The most important forest south of the Amazon is formed by a set of subtropical rainforests including the Brazilian “Mata Atlántica” and the Interior Atlantic Forest in the Argentine province of Misiones. These forests host dozens of unique species of orchids, small primates, bats of rare habits and endemic birds. The most remarkable natural wonder of Misiones is Iguazú National Park, with its unparalleled falls. Here, the Iguazú River falls 70 meters down, forming a fan of cascades with more than 250 individual falls.
Around one million hectares of the highly endangered Interior Atlantic Forest still stand in patches spread throughout the Argentine province of Misiones. Thanks to the efforts made by several local conservation organizations and individuals, most of them have been declared provincial reserves, and at the present they are linked to each other and to Iguazú National Park, forming a big, single conservation unit, known as the Green Corridor. This continuous forest cover supports healthy populations of big mammals, such as Jaguar, South American Tapir and Giant Anteater among others. There are areas of the Green Corridor where the forest canopy is dominated by giant Monkey-puzzle Trees (Araucaria angustifolia). This Araucaria forest cherishes some true forest jewels, such as Araucaria Tit-Spinetail, Red Howler Monkey and the rare Vinaceous-breasted Parrot.
Iguazú Falls can be enjoyed to their fullest by walking along the different walkways of the park and stopping at their many lookouts to behold the most spectacular views of them all. These trails have been built in different levels, and visitors have the chance to see the falls from above and below. A narrow gauge train takes you from the entrance gate of the park to the trails’ entrance, and on to the most spectacular fall of them all: Devil’s Throat. A myriad of colorful birds live in Iguazú. Surucua Trogon, Red-ruffed Fruitcrow, Blue Manakin, five species of Euphonias and several species of Tanagers are all commonly found inside the park. Thousands of Great Dusky Swifts and several species of forest raptors master the skies here as well. The forest canopy is home to noisy flocks of Parrots, Parakeets, Antwrens and five species of Toucans. Birds like Black-Fronted Piping-Guan, Spot-backed Antshrike, Black-Billed Scythebill and twelve species of Woodpeckers, including the rare Helmeted, inhabit the lower layers of the rainforest. One can also enjoy the magic of this forest by listening to the distinctive calls of birds like Solitary Tinamou, Spot-winged Wood-Quail, Tufted Antshrike and Southern Antpipit.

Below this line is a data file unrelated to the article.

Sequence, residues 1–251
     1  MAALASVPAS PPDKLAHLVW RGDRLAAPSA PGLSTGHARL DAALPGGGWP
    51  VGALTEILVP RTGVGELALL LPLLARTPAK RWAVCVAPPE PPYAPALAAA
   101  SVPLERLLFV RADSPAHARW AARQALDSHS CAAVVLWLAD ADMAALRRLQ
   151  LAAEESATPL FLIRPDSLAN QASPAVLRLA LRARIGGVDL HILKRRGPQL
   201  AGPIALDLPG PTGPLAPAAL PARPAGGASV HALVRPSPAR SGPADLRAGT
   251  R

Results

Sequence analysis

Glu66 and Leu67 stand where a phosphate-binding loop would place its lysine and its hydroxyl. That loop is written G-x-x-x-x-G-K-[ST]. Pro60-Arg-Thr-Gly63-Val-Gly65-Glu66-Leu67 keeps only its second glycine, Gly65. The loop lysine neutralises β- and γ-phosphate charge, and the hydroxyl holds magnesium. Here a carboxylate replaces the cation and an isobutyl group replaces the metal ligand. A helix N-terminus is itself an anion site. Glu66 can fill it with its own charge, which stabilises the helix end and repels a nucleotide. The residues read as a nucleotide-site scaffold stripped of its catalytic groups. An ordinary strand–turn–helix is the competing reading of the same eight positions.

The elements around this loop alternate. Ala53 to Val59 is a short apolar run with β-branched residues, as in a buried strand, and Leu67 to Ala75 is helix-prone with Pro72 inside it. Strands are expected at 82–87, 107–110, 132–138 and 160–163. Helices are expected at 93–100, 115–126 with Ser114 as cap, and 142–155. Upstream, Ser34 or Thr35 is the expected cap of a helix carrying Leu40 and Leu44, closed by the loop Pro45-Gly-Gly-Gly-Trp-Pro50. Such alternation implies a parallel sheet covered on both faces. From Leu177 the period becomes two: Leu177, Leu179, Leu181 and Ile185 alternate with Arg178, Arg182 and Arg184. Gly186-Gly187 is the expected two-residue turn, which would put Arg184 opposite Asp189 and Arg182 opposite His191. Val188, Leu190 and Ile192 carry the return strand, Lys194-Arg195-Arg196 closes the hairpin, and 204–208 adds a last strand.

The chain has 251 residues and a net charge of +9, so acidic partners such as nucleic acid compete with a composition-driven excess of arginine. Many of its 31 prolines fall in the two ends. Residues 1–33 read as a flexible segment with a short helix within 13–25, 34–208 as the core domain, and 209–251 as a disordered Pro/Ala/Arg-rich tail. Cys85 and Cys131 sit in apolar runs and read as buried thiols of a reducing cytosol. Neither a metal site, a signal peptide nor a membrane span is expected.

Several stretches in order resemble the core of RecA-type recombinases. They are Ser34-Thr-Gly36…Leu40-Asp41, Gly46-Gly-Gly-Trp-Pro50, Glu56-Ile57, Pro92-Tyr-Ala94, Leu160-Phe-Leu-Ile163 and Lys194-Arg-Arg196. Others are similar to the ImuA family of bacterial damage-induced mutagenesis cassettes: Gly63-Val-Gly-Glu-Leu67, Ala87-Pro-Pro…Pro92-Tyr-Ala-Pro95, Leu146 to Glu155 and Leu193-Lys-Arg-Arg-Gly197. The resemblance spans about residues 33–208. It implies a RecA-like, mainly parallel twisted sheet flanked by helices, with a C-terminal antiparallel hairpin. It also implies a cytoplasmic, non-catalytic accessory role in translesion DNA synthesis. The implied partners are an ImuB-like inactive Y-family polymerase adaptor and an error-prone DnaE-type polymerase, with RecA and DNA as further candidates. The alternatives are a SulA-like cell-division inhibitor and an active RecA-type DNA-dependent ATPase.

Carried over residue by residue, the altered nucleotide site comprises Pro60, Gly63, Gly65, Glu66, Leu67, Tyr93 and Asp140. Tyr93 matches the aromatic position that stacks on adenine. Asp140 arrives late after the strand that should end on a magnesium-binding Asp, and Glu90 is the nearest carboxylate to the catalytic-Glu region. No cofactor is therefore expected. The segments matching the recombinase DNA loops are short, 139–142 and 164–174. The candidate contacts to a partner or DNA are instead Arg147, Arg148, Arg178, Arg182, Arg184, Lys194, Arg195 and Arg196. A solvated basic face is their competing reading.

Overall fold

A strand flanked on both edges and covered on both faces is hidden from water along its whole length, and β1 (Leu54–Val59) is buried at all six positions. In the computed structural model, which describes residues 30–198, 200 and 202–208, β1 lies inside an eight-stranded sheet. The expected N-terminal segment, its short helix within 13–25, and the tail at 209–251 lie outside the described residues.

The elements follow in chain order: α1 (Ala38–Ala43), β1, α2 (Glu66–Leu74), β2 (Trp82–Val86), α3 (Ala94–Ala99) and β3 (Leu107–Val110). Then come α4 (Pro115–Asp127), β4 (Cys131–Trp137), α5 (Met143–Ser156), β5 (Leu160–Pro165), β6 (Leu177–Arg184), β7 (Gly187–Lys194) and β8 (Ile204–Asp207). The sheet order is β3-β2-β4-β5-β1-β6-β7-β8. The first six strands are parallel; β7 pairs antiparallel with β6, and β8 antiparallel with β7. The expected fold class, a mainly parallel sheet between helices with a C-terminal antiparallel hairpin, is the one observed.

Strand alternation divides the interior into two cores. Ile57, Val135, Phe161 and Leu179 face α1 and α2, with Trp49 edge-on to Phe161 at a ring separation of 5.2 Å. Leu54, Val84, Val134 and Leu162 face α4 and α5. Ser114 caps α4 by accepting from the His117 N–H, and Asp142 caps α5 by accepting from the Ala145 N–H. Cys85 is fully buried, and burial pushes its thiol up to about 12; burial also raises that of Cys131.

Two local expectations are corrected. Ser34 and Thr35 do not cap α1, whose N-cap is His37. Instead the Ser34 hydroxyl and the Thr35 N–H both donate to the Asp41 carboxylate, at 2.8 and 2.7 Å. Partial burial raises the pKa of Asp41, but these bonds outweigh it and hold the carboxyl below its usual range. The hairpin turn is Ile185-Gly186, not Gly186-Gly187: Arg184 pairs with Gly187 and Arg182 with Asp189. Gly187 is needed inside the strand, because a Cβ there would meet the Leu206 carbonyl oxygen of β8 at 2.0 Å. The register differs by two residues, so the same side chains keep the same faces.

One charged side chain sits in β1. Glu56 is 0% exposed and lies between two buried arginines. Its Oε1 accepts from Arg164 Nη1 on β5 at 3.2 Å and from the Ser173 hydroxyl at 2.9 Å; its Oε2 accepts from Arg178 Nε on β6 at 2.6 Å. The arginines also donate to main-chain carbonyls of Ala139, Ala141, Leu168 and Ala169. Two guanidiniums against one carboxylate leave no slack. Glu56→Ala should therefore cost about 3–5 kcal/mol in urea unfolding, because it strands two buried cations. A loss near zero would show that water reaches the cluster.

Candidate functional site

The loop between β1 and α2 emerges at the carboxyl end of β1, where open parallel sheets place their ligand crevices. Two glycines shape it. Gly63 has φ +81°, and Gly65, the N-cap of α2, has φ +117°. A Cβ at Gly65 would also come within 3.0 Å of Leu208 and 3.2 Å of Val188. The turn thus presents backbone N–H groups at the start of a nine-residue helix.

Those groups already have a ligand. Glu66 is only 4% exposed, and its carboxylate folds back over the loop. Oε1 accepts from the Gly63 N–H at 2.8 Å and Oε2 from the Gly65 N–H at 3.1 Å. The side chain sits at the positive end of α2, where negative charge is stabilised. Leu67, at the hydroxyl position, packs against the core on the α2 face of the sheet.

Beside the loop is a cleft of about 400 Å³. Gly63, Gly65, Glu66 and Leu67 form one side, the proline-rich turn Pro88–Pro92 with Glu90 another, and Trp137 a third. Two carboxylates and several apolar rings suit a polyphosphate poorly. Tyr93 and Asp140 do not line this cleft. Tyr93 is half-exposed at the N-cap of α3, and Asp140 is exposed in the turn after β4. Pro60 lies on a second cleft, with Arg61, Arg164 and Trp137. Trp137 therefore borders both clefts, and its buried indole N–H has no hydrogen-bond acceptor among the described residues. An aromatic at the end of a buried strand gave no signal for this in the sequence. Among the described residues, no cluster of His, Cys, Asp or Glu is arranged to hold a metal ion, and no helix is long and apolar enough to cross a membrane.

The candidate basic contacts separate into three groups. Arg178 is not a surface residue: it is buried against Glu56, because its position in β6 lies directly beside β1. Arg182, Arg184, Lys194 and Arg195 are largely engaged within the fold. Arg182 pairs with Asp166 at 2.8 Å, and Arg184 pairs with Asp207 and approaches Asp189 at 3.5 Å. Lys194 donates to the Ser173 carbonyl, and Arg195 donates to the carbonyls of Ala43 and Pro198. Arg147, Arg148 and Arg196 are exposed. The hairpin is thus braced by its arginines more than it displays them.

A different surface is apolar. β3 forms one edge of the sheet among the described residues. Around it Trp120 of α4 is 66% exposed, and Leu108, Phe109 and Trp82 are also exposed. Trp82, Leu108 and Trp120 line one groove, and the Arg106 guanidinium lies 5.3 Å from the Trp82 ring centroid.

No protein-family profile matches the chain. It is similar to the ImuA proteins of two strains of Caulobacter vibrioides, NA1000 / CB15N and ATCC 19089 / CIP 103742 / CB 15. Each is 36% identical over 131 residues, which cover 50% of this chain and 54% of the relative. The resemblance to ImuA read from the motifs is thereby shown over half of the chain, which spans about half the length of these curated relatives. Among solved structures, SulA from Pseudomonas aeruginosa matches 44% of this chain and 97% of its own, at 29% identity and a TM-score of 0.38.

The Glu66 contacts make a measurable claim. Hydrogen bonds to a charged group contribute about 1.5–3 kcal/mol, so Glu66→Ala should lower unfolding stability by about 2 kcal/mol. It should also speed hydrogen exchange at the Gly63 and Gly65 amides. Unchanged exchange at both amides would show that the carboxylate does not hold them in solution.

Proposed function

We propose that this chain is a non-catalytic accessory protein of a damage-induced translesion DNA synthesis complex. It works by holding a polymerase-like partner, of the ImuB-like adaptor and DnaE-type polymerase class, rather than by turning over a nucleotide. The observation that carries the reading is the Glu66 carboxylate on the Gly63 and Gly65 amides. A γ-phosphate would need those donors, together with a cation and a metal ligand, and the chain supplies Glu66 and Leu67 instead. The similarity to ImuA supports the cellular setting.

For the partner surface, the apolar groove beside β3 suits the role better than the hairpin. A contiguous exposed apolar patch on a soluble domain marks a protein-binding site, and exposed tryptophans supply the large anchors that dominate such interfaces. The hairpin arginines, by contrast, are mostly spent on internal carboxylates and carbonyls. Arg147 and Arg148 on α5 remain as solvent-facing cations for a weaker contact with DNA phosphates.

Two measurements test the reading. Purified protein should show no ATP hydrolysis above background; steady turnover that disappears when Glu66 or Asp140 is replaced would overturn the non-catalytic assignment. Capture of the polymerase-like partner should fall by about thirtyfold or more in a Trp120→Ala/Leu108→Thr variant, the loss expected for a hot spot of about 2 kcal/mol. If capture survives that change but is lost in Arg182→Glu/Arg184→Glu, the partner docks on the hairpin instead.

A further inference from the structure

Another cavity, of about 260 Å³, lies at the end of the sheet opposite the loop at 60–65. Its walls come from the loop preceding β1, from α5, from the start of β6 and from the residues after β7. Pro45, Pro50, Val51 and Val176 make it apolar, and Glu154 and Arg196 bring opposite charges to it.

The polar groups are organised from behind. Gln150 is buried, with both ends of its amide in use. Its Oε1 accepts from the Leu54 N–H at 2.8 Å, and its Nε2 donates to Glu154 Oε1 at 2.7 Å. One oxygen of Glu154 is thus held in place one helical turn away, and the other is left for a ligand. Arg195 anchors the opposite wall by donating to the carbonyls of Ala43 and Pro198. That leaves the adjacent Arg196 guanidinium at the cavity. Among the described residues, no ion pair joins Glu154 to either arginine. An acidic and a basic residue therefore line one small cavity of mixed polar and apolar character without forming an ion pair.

Thanks to the efforts put throughout the years to preserve the falls and their surrounding habitat as wild as possible, it can be said the nowadays the area looks almost as pristine as it did when the Spanish “Conquistador” Alvar Núñez Cabeza de Vaca first saw them in 1542. The unique conditions of the forest in Iguazú made it possible for the producers of the famous film “The Mission” (starring Robert de Niro and Jeremy Irons) to recreate the conditions under which the Jesuit missionaries lived in the region more than two centuries ago.